In a recent decision over an on-board system for indicating the loading state a truck, VPG Systems UK v Air-Weigh Europe , HHJ Hacon in the IPEC stepped briefly back from the technical details before him to ruminate on the nature and relevance of the inventive concept in a patent.
When considering patent validity, as one often does in the
course of a patent dispute, the questions of novelty and inventive step are
often the meat of the issue.
Novelty of the claimed invention is rarely easy to attack:
patent examiners can generally do a pretty good job at reviewing existing
publications and carrying out the necessary element-by-element comparison with
the claimed invention. If the published
prior art contains a disclosure comprising all of the elements of the
invention, then there is a good chance it will already have been found, and the
claims amended during prosecution to avoid the document.
Inventive step, on the other hand, is a more fluid and
subjective concept and accordingly one on which it is perfectly possible to
disagree even with a skilled and conscientious patent examiner. The statutory question is whether the
difference between the identified prior art and the claimed invention is one
which would be obvious to a skilled, but wholly unimaginative, person in the
same technical field (the ‘art’). The
answer therefore depends upon how this hypothetical person is characterised –
his or her education and degree of motivation to solve the problem – and also
upon the piece of prior art under consideration, since English law does not
permit making a mosaic of two or three items of prior art and considering them
as a whole, unless there is a very clear reason why the skilled person would do
so (such as a direction in the text of one document to look at material
contained in the other).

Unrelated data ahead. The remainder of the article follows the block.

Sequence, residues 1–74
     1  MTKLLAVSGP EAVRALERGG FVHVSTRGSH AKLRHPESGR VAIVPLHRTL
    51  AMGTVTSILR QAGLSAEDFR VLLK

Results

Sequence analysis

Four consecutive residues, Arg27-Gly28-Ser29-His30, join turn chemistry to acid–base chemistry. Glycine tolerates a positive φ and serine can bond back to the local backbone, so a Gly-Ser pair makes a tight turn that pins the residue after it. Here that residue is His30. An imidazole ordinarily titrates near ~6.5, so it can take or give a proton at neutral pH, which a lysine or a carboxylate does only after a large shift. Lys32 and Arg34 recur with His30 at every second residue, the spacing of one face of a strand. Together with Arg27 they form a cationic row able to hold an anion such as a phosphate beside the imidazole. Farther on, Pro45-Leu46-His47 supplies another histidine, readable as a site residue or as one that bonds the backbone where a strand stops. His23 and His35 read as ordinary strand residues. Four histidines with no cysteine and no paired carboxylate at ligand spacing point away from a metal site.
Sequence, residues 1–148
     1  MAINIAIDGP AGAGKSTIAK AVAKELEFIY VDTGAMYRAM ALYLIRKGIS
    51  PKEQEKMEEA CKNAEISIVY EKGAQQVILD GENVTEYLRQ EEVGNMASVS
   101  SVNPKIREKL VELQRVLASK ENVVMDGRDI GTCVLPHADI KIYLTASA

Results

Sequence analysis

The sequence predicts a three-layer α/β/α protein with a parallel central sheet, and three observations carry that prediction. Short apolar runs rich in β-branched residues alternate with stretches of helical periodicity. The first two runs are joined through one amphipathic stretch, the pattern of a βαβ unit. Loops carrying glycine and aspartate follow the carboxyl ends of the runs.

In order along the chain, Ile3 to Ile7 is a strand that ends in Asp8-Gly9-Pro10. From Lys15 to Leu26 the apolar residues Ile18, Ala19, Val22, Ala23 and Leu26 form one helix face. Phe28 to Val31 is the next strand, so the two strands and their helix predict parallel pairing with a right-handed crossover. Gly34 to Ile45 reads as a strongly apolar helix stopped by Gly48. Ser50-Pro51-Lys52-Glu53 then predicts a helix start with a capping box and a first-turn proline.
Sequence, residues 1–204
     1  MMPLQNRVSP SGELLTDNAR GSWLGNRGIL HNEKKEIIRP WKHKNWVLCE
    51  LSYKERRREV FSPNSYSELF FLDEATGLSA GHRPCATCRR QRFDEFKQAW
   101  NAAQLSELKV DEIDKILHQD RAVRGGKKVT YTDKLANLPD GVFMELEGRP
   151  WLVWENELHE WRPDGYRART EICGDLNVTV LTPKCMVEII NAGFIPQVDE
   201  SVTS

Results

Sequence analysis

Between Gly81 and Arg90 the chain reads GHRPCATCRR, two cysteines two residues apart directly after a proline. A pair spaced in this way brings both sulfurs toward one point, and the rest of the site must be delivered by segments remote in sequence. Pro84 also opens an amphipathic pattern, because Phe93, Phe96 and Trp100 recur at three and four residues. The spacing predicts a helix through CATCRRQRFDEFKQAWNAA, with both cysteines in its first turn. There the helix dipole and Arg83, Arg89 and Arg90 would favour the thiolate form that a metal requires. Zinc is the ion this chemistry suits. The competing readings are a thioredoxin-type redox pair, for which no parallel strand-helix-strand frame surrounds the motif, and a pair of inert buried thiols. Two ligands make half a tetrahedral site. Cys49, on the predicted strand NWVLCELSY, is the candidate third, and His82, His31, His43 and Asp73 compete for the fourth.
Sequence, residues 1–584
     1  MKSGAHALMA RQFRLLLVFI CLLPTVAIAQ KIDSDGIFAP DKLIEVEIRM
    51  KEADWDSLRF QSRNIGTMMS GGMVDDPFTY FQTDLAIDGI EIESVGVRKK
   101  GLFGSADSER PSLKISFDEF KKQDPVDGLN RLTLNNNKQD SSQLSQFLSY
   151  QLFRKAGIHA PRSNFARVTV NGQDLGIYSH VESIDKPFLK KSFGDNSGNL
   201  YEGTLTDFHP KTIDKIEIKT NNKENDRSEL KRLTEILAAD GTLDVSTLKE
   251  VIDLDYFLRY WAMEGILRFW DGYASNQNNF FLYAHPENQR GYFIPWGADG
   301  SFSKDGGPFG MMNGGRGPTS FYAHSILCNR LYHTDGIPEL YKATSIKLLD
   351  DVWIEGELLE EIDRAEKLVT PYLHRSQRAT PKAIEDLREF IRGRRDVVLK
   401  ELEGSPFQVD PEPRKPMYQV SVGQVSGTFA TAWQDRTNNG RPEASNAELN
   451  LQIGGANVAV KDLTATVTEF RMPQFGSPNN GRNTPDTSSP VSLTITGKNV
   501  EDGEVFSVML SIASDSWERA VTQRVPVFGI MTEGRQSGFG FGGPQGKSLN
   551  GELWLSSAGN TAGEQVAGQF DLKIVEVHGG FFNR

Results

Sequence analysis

The English courts have never come up with any hard-and-fast
test as such by which this question of obviousness can be assessed, but there
has been guidance as to how best to approach it. In the current guidance from the Court of
Appeal, in Pozzoli SpA v BDMO SA ,
Jacob LJ added an initial step to the existing three step approach laid down 20
years earlier in Windsurfing
International v Tabur Marine. Jacob
LJ’s addition was to suggest that the court begin its assessment of the
inventive step by identifying the “inventive concept” of the claim:
disregarding the elements which, though included in the claim, were already
known, what is the clever bit which the patentee is trying to capture? This exercise, in contrast to the assessment
of inventive step, does not depend on what prior art has been cited against the
patent, it is based purely on interpreting the patent document itself and
precisely what has been claimed.
The inventive concept once identified will only be limited
by additional elements added into the claims.
But having identified it will also throw a spotlight on any claim which
does not in fact embody that concept.
However, useful though it may sometimes be, and promptly though the
patent profession jumped to come into line with Jacob LJ’s formulation when the
Pozzoli decision was first given, HHJ
Hacon concludes that identifying the inventive concept is not a necessary component of the inventive
step analysis. Ultimately, the court must compare the claimed invention against
the prior art, and attempt to estimate the distance and difficulty of the step
a skilled person would have to take in order to bridge it. Any degree of argument between the parties as
to what the inventive concept should or should not be taken to comprise will
only distract from that fundamental exercise, leaving the inventive concept a
useful shortcut only where all parties essentially agree as to what it is. Since advocates invited to argue will almost
always find something on which they can disagree, if this decision is followed,
the Pozzoli approach may itself end
up looking like something of a distraction from the past and future analyses
followed by the courts.